• October 21, 2002
  • By David Myron, Editorial Director, CRM and Speech Technology magazines and SmartCustomerService.com

Baan CRM, Meet Baan SCM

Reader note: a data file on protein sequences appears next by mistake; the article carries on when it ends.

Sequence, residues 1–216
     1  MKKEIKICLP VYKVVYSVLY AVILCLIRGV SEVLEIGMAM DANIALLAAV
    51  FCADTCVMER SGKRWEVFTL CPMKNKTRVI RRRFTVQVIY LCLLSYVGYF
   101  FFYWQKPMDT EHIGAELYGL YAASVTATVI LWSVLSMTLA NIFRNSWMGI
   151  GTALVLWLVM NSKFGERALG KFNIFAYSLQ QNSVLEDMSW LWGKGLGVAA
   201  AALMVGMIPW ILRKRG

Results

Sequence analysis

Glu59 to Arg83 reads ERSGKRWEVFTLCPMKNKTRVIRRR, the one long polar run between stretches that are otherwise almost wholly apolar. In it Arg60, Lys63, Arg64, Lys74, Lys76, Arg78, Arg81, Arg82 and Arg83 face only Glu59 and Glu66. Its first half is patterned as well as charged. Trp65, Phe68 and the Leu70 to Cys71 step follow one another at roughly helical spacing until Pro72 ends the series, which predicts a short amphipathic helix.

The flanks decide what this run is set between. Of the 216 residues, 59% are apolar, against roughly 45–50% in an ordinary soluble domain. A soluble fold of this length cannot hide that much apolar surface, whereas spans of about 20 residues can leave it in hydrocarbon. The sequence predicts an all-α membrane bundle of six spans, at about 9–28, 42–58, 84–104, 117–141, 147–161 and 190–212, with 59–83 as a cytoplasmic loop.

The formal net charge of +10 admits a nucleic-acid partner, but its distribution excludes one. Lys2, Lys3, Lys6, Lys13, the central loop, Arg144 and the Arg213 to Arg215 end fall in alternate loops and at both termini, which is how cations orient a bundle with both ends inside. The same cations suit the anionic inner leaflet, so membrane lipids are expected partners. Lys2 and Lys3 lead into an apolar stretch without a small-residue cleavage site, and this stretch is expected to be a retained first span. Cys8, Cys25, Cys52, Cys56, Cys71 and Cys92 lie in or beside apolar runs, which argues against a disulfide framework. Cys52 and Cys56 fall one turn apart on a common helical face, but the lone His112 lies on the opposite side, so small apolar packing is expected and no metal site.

Steve Carpenter had barely warmed the president seat at the Baan CRM business unit before a new president was appointed the top spot last week. Ed Daihl, a three-year Baan veteran, who is also president of the Baan Supply Chain Management business unit, is taking hold of the CRM reigns effective immediately. The announcement was made last week at the Baan World Users conference at The Century Plaza Hotel in Los Angeles. Daihl will be responsible for all aspects of the CRM business unit, whereas Carpenter, who served approximately six months as the president of Baan CRM, was appointed the position of vice president of Baan Enterprises, Baan's largest software division--with a staff of more than 900--and will help run all of the software development for that division. This is a jump from the approximately 260 employees in the CRM business unit, Daihl adds. The organizational restructuring illustrates Baan's intention to meld SCM and CRM efforts. "Baan's move to combine SCM and CRM shows that they are once again ahead of the curve in understanding where the industry is heading," Sharon Ward, formerly vice president of Enterprise Applications at Hurwitz Group, said in a statement. Daihl says Baan executives are seeing a lot of room for synergy between CRM and supply chain management. He cites an example where CRM meets SCM: "We can take orders over the Internet, configure and price it, then tie that into our supply chain software that does advanced planning and scheduling and actually do the availability to promise. To do that all online and almost real-time is really a competitive advantage. Then, to be able to ship that complex configuration and pricing into the ERP system and get it built as configured and offer it not only to direct sales force but to your channel partners is really where I see us going forward. That is a combination of products that have traditionally been in the CRM space that have also been in the supply chain space." Among SCM and CRM customers, Daihl says, there is a shared concern for return on investment. "I'm seeing what I call 'two and two.' If you have the ability to sell a solution, implement it in two months, and see an ROI in two quarters, then customers will buy that -- particularly, in the supply chain and the CRM space," Daihl says. At the BWU conference, Baan also announced an enhanced focus on the supplier relationship management (SRM) market with the release of iBaan Sourcing and enhancements to its iBaan E-Procurement solutions. The SRM announcements enable businesses to plan commodity, procurement, and supplier management strategies; source raw materials, components, goods, services, and capital equipment; and analyze spend and supply base as well as their product lifecycle and production needs. Moving forward, Daihl expects to see some more SRM activity coming from Baan. "I've had responsibility for the SRM space with our e-procurement and e-sourcing and I'm looking for synergies in the technology base between those products and the CRM products as well." Separately, Baan also announced announced its iBaan Value Apps strategy and OpenWorldX, a new enabling platform for the creation and deployment of business process solutions. OpenWorldX is designed to reduce the time and effort required to configure and deploy iBaan solutions. iBaan Value Apps leverage OpenWorldX to focus on a business process and engage only the specific software components needed to deliver the solution. Examples of planned iBaan Value Apps include supplier collaboration, configuration and commitment, and engineering design collaboration. The first iBaan Value Apps will be available shortly after the first shipments of OpenWorldX. Baan will deliver its iBaan Value Apps through an enhanced solution delivery organization as well as its alliance network.
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